Worse Than My Worst Nightmare

bloomberg businesweek

By Kathleen Kerwin August 4, 1991

This article appears at the following website: bloomberg.com

For Katie Watson, it was adding insult to injury. Brain-damaged while in the hospital for pneumonia when she was 20 months old and still unable to walk or talk at age 11, the Phoenix girl relies on a $1.4 million annuity from a malpractice judgment her parents won in 1986 to pay for her medicine, therapy, and home care. Unfortunately, that annuity came from Executive Life Insurance Co. of California, which was seized by state regulators in mid-April.

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By May, Executive Life annuity payments were slashed 30%. Coming up $3,500 short that month, Katie's parents, Vincent and Susan Watson, cut household spending to the bone and put their home on the market. They were afraid they might also have to halt Katie's therapy. "In my worst nightmare, I never thought this could happen," says Vince Watson.

Hardship Status

The Watsons join more than 373,000 other Executive Life customers left in the lurch by the collapse of the junk-bond laden Los Angeles insurer. Some were there not by their own doing but because their employers had invested their pension money in Executive Life group annuities and guaranteed investment contracts (GICs). Many, however, sought out the company for the high yields its junk-bond holdings allowed it to pay. Now, they all face the harsh reality of having their future jeopardized by an unprecedented insurance debacle.

Dire as the Executive Life case is, it demonstrates that safety nets do exist. All insurance beneficiaries began receiving at least part of their regular payments after an 11-day halt in benefits following the seizure. Death benefits are being paid in full. And Executive Life customers facing a financial emergency can file for hardship status with the California Insurance Dept. to receive 100% of their monthly payment. Only the interest payments to holders of $1.85 billion worth of municipal bonds, whose proceeds were invested in Executive Life GICs, have been stopped.

So far, 525 hardship requests have been granted, including the Watsons', whose full payments resumed in June. More often, other forms of rescue are emerging. Some companies, such as Pacific Lumber Co., are making up the shortfall in payments on annuities they purchased for pension plans. Pacific Lumber's decision came after pressure from employees and retirees. "I never in my wildest dreams thought I'd have to go to the front office in Scotia Calif. to picket and protest the loss of our pension," says Wiley J. Lacy, who retired from his job as a tax manager at Pacific Lumber in September, 1985.

Regulators, legislators, and the judge overseeing the insurer's conservatorship have also gotten an earful. "I'm not going to let anybody step on me. I worked hard for that money," says Olga Pegelow, a 75-year-old Chicago widow with an Executive Life annuity. She testified in Washington in mid-July at a congressional hearing about insurance failures. Like many Executive Life customers, she worries about what will happen in the long run. California regulators are negotiating the sale of Executive Life to avoid a liquidation of assets that would leave it with too little to pay customers. Guaranty funds in 49 states are supposed to cover losses if an insurer is declared insolvent, but some fear Executive Life's huge losses could swamp those funds.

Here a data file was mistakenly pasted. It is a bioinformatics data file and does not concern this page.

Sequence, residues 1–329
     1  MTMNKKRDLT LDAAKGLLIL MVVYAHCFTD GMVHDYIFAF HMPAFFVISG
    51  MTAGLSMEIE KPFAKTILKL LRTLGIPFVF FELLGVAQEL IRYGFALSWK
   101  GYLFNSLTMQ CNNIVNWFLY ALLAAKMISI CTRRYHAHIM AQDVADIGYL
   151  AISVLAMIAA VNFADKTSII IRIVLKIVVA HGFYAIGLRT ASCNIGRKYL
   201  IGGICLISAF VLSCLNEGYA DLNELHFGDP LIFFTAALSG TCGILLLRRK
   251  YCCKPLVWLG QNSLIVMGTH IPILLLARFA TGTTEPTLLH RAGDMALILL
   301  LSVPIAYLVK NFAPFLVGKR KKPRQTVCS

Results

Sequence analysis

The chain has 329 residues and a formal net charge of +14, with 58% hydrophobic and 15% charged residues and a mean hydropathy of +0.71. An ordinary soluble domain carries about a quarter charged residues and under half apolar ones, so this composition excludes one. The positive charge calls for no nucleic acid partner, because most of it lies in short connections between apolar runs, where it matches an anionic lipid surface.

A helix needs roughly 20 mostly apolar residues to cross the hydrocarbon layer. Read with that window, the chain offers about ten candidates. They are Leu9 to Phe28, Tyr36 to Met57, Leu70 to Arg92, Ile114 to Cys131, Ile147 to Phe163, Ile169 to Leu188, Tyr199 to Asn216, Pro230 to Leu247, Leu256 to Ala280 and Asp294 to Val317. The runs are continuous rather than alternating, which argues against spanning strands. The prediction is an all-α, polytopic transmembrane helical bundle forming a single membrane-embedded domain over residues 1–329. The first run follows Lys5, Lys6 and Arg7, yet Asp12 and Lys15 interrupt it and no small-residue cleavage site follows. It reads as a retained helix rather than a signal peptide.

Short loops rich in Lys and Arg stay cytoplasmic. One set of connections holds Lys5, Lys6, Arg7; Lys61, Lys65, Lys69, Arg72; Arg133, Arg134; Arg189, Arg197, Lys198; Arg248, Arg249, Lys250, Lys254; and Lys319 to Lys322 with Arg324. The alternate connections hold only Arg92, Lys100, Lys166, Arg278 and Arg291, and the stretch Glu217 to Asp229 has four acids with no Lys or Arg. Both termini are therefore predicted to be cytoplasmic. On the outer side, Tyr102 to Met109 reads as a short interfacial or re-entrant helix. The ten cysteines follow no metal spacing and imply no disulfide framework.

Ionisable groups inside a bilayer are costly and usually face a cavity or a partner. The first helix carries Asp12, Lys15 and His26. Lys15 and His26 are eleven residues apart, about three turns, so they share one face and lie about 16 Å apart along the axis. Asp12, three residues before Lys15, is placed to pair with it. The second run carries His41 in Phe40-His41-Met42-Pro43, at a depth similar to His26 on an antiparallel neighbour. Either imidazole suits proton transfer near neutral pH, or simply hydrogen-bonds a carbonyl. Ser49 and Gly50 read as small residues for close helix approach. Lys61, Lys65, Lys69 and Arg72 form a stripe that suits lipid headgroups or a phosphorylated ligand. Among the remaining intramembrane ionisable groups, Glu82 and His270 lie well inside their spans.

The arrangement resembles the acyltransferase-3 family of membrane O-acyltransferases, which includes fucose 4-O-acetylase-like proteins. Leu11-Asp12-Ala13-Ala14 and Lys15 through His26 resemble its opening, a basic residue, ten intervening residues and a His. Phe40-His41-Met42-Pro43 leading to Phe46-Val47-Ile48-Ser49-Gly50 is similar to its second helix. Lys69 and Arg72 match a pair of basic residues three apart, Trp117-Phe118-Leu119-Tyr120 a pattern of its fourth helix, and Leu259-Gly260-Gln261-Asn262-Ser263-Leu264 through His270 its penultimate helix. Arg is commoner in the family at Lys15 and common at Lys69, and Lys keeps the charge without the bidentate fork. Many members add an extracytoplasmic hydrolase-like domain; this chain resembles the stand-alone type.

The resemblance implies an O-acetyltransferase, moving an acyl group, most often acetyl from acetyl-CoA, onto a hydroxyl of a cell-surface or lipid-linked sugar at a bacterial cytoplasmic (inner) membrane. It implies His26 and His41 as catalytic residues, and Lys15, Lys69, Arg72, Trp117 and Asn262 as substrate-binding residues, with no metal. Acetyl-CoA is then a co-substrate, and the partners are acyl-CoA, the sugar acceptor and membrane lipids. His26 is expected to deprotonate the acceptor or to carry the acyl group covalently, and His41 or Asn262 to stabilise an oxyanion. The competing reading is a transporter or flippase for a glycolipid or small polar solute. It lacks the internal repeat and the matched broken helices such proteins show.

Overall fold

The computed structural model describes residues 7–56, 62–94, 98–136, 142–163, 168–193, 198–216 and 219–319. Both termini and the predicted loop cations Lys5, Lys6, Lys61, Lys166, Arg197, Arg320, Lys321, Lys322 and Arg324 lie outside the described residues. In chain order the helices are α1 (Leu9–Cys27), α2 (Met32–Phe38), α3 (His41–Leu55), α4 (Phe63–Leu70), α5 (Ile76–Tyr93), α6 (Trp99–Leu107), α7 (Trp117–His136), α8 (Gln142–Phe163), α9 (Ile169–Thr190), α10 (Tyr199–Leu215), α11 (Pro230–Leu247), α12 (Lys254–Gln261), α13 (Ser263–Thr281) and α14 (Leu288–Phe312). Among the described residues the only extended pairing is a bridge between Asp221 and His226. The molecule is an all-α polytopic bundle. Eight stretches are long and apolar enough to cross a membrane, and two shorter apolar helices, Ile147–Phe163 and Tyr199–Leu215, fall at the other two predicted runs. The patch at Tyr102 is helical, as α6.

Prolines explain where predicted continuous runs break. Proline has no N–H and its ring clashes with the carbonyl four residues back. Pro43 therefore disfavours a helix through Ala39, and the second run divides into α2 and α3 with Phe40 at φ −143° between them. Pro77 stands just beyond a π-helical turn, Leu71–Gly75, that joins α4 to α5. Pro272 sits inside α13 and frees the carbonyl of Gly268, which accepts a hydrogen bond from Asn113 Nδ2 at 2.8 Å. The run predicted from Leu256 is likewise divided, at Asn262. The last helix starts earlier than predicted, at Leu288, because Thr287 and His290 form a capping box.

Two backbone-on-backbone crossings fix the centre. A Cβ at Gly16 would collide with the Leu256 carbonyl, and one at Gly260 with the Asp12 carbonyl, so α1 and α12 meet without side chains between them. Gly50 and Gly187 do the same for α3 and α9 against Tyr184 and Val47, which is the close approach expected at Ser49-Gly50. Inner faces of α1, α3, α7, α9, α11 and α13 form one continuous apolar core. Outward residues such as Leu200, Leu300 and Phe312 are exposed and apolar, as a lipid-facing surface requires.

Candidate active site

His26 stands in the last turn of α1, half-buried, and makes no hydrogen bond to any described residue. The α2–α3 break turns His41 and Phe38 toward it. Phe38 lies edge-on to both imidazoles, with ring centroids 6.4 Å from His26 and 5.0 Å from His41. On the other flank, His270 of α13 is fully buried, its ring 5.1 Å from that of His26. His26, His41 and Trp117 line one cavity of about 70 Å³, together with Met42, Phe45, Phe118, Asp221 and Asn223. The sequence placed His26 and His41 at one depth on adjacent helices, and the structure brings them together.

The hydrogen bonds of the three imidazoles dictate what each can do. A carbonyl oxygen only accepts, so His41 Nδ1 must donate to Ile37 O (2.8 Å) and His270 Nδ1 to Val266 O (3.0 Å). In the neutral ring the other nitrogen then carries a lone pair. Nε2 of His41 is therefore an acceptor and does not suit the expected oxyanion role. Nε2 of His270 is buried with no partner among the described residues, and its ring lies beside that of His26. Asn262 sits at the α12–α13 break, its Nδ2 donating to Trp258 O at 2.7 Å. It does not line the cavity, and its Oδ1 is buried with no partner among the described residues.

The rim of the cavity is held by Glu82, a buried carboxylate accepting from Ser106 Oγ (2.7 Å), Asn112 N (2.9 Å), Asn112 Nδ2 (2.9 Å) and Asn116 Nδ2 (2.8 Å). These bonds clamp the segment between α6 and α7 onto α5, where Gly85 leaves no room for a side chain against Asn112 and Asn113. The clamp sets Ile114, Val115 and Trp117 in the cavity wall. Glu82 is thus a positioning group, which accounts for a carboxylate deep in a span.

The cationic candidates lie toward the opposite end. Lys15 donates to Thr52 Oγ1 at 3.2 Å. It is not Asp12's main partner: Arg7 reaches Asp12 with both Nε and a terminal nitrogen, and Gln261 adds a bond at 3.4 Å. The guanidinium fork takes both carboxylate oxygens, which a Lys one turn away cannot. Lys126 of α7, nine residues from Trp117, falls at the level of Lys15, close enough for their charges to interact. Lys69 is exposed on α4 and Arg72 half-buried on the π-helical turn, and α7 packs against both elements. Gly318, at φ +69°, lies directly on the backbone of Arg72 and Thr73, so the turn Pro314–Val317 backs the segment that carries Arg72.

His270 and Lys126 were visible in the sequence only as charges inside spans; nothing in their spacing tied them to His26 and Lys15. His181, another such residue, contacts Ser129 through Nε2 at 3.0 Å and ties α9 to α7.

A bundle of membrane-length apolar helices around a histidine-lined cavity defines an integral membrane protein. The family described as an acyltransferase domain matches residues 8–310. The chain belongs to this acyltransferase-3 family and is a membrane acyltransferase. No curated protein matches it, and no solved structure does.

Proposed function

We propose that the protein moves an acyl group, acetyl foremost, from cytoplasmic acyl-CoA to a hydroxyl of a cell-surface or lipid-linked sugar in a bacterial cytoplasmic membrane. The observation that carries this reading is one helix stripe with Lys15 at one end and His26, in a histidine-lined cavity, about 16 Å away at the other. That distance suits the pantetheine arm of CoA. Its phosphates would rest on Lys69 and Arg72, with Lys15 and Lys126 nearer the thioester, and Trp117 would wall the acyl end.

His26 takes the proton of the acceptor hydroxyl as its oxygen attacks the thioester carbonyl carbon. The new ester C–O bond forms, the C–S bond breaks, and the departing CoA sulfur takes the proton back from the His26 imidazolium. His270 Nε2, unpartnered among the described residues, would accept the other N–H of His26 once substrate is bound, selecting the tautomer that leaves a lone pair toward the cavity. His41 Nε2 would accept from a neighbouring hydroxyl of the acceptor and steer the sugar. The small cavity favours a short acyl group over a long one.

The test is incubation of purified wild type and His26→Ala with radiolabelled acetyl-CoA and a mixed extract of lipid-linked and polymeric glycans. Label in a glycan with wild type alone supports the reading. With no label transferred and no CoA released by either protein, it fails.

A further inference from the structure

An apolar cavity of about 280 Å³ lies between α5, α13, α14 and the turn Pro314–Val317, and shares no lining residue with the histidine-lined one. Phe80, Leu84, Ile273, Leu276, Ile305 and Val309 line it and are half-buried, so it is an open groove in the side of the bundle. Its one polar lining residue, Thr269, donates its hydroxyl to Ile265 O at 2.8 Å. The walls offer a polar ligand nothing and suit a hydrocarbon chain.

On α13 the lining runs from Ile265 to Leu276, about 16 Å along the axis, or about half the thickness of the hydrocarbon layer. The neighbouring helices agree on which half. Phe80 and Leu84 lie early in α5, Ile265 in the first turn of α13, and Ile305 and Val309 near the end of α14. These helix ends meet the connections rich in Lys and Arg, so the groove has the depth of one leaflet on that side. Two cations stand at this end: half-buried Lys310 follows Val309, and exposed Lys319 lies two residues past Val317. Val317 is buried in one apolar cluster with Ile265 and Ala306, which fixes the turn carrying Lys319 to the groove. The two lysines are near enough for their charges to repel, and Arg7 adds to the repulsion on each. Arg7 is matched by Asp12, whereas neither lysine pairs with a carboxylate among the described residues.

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None of the fixes will undo the anguish Executive Life's victims have already suffered. "I'm telling my friends and neighbors: `Find out what your bank and your insurance company are doing,' " says Pegelow, who invested her nest egg in an Executive Life annuity six years ago. "In 1985, I thought insurance companies were solid. I had no idea about junk bonds."

The catch, of course, is that Executive Life got top grades from most rating agencies until early 1990, when junk-bond losses began taking their toll. Thousands of Executive Life customers then cashed out their policies. But some annuity beneficiaries discovered they were trapped by the terms of their contracts. Eli Schefer, 71, a retired Revlon Inc. engineer, spent months demanding that Revlon and Executive Life cash out his pension, part of a group annuity that Revlon bought in 1986. "They told me I was locked in," says Schefer, who watched helplessly as the insurer collapsed.

Terrible Blow

Others heard of Executive Life's troubles but trusted that government monitoring of insurers would keep their money safe. "We were all supposed to be protected by the regulators," says a New York businessman who in 1987 bought municipal bonds backed by Executive Life GICs. He's incensed to learn now that the GICs are guaranteed only by the insurance company. In divvying up the money available, municipal bondholders must wait to be paid after Executive Life's insurance customers. The investor fears he may wind up with just a fraction of the money he put into the bonds. "It's a terrible blow to me."

Many of the victims are also calling for insurance reforms to prevent future debacles. "I think it's about time the federal government stepped in and put some very stringent controls on the insurance industry," says Mellvine Fuchs, 71, an Executive Life policyholder in Balboa, Calif.

Most simply want to put the insurance fiasco behind them. "Katie has suffered enough," says Susan Watson. The judge overseeing Executive Life assured the Watsons that their daughter's financial needs would be met. But just in case things don't work out, their house is still for sale. Considering the roller coaster they've been riding, their caution may be well advised.

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